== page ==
The Impending Fate of Bradley Manning
As Manning awaits his fate at the hands of Judge Denise Lind, Naomi Colvin reflects upon his case.
Today, Bradley Manning will be sitting in a court room in Fort Meade, with one member of his defence team and a military prosecutor, waiting for Judge Denise Lind to deliver her verdict. That Manning faces a lengthy prison sentence for acts of conscience has never been in doubt. In February, he plead guilty to ten “lesser included offences” that leave him liable to a prison sentence of up to twenty years.
What Lind will decide this week is how many of the other 12 charges the prosecution has been pursuing will stick. These include charges under the Computer Fraud and Abuse Act, charges of theft of government property and, most seriously, the capital charge of “aiding the enemy,” which Amnesty International this month called “a travesty of justice.”
The stakes are extremely high. If found guilty on the most serious charges he faces, Manning will spend the rest of his life in prison with no possibility of parole. But that's not all: should he be found guilty on that last charge, a precedent will have been set that equates leaking information to news media with handing it to “the enemy,” and leaves those doing so liable to charge under the Espionage Act. The ramifications for journalism are obvious and chilling.
Rather like what intelligence whistleblowers in the UK face under the Official Secrets Act, the US military justice system applies a strict liability regime. As such, discussion of motivation, harm and the public interest has been precluded from discussion of Manning's guilt or innocence. In fact, that highly unusual move of pre-emptively pleading guilty to 10 charges was one of the few means open to Manning to get his side of the story on the record. While it's worth reading in full, this is what Manning said about some of the material he released:
I believed that if the general public, especially the American public, had access to the information contained within the CIDNE-I [Iraq] and CIDNE-A [Afghanistan] tables this could spark a domestic debate on the role of the military and our foreign policy in general as well as it
related to Iraq and Afghanistan...“I also believed the detailed analysis of the data over a long period of time by different sectors of society might cause society to reevaluate the need or even the desire to engage in counterterrorism and counterinsurgency operations that ignore the complex dynamics of the people living in the effected environment everyday...” The case Manning makes in his February statement is very consistent with the few other sources we have from him, not least the chat logs that led to his arrest, in which he spoke about wanting to provoke “worldwide discussion, debates and reforms”.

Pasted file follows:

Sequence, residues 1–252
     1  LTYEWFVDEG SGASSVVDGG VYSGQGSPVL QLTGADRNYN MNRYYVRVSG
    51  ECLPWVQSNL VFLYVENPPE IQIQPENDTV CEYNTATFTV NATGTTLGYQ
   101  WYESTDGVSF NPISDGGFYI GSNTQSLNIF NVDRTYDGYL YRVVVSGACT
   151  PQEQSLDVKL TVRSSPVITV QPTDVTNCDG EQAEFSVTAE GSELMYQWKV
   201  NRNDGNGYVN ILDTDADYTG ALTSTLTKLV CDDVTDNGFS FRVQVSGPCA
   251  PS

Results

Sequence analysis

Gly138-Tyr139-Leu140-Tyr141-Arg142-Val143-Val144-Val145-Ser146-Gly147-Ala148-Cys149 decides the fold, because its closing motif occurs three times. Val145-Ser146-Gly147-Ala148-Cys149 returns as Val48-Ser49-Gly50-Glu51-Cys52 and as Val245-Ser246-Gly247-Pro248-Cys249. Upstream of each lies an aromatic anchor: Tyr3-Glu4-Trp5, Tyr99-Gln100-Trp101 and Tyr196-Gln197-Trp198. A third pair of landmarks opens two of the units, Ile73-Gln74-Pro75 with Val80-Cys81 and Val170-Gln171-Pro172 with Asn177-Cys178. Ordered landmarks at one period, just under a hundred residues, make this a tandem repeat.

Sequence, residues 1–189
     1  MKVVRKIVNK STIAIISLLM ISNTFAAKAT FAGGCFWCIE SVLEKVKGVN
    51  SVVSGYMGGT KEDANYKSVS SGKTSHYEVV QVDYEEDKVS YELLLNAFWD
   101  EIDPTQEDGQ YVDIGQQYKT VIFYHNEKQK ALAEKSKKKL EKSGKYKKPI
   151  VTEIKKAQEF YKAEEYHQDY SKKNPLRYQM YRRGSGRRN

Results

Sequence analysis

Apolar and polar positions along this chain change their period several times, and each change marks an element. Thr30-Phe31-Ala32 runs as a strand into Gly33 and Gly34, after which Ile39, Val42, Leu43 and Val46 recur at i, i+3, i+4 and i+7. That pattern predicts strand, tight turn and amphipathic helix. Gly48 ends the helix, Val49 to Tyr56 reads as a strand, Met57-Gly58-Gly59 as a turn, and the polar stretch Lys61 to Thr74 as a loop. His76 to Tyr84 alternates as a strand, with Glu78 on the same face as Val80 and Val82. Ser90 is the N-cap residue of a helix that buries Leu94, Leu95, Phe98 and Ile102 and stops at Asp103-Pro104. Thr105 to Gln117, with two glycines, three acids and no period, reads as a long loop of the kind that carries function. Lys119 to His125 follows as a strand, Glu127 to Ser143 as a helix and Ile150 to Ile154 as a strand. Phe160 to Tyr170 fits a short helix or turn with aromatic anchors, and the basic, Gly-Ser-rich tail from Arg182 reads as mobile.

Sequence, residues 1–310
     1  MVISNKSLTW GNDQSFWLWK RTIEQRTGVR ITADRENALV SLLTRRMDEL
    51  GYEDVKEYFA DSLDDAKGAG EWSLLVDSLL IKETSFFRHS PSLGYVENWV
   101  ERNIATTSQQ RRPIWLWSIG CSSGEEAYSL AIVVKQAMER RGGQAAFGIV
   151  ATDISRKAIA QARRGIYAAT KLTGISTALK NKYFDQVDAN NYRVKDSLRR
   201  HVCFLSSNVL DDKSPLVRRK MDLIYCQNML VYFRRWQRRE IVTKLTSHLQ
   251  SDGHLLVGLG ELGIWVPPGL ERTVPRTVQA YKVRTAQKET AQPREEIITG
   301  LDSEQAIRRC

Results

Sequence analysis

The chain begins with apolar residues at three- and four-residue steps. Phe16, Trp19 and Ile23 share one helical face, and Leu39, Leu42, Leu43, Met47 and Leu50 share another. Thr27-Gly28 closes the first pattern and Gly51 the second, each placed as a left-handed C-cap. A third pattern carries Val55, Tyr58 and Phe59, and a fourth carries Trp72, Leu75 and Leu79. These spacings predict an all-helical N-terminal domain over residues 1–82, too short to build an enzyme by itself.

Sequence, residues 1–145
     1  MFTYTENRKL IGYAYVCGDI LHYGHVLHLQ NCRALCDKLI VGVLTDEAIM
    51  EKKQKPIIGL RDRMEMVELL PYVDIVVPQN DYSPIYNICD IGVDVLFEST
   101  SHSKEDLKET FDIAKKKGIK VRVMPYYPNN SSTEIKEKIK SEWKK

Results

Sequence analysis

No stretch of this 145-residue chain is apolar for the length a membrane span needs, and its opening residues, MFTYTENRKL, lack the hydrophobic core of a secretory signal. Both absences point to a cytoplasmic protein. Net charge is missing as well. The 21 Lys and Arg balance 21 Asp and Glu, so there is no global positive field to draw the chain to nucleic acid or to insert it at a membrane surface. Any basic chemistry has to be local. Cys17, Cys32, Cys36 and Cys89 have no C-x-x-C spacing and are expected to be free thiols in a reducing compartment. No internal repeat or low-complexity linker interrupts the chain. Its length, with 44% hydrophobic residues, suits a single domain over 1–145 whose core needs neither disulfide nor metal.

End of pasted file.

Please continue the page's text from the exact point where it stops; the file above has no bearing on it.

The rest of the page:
There can be no doubt that those releases had the impact Manning hoped for. Tunisian activists testify to the State Department cables being a contributory factor in the revolution there and the momentum generated by WikiLeaks is part of that momentous 2011 narrative that leads through the Arab Spring, to Wisconsin, Southern Europe, Israel, India and then back to the English speaking world with Occupy.
Given Manning's determination to inform the public about the nature of military action in Iraq and Afghanistan, it is also extremely fitting that the material he released played a role in the official withdrawal of US troops from Iraq, when their immunity from prosecution was not renewed.
As we approach the phase of the court martial when prosecution and defence argue about what kind of sentence is appropriate, discussion of the actual impact of Manning's disclosures – that is, an overwhelmingly positive impact in accord with the public interest aims he articulated– will likely continue to be sidelined. What certainly will be be discussed is the degree to which the US Government's dire predictions about the potential for harm were valid.
Despite its prominence in official narratives about the leaks, whether observers will be allowed to follow this discussion remains to be seen. In a trial that has taken place largely obscured from public view, the debate over actual harm is one of the most classified and secretive topics of all. Portions of this phase of the trial may well be held in closed session with Manning denied from seeing the full evidence against him.
Criticism of proceedings at Fort Meade is not hard to find, even from within the US establishment. Former State Department spokesperson P.J Crowley, who labelled the gross mistreatment of Manning in pretrial detention as “ridiculous and counterproductive”, has already made a similar argument about the decision to continue the prosecution of Manning beyond what he admitted to back in February. Insofar as the example of Manning's pretrial treatment and over-prosecution has not deterred Edward Snowden from coming forward and has, indeed, given him a solid argument for seeking asylum, we are fortunate that that has proven to be the case.
Naomi Colvin is a London-based writer and activist. She has been involved with the Occupy movement in London since the beginning of October 2011. She can be found on Twitter @auerfeld.
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